The beginning of a vaccine - the end of malaria?
Yesterday, a much-anticipated announcement was made on a variety of media outlets – European regulators approved Mosquirix, the first-ever malaria vaccine. Although this is an important first step, it is not the final blow to a disease that infects hundreds of millions and claims around 700,000 lives annually, most of them children under five years. The reported effectiveness of the vaccine appears to be less than 50% and it is unclear how, when or even whether it will be deployed in regions that need it most. The earliest the vaccine will be available is 2017, and even then it will not be the end of malaria. Over 3.2 billion people (close to half of the world’s population) live in regions that are affected by malaria, and the logistics of manufacturing, distributing and administering to that many people are mind-boggling. And even if these can be dealt with, it appears that these same people will need to be re-vaccinated again, mostly because of the nature of the disease and the genetic complexity of the parasite.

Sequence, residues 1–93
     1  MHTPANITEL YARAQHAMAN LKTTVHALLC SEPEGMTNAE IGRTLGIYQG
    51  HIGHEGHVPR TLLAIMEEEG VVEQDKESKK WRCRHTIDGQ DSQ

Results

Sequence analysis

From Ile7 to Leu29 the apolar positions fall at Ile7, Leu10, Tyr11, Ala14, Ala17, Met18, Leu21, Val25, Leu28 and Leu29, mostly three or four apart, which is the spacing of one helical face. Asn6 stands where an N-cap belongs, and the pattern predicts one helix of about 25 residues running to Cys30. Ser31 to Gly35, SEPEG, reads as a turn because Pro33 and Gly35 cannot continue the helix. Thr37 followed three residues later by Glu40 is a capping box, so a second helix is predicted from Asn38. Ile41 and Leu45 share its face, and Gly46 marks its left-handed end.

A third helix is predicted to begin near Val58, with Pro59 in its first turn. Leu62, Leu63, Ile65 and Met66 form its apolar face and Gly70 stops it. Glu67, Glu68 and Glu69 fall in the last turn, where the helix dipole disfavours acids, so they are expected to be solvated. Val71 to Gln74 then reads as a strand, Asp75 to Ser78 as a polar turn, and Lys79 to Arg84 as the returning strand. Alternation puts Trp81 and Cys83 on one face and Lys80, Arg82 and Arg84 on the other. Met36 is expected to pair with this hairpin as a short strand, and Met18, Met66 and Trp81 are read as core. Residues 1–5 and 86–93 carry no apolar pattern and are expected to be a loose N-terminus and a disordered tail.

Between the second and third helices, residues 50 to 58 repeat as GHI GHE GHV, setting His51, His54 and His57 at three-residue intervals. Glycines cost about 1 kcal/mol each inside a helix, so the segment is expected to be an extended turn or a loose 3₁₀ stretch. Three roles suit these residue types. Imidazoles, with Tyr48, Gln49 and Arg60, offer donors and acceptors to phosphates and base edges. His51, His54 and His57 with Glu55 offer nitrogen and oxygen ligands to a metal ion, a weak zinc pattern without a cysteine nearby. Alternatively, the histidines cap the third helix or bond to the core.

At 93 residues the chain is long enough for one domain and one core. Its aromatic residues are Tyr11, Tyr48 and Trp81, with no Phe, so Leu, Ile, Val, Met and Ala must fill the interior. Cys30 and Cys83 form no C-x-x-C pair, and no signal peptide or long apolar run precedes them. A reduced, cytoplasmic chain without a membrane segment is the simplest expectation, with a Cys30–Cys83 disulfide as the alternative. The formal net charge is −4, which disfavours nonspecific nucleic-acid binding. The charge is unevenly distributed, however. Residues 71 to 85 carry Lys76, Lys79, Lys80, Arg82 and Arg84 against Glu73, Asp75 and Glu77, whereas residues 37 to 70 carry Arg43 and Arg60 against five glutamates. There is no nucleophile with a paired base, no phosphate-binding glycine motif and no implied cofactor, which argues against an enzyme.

Vaccination against malaria remains a critical and noble pursuit. This reported important scientific advancement it is not (yet) a practical solution. In the meantime, hundreds of millions of people will still become infected over the next few years, and life-saving treatment to those who go through episodes of malaria will remain imperative.
We applaud the dedication, creativity and good science shown by the team who worked to make Mosquirix a reality. It is a beginning and what we have learned from them will form the foundation for the next generation of vaccines.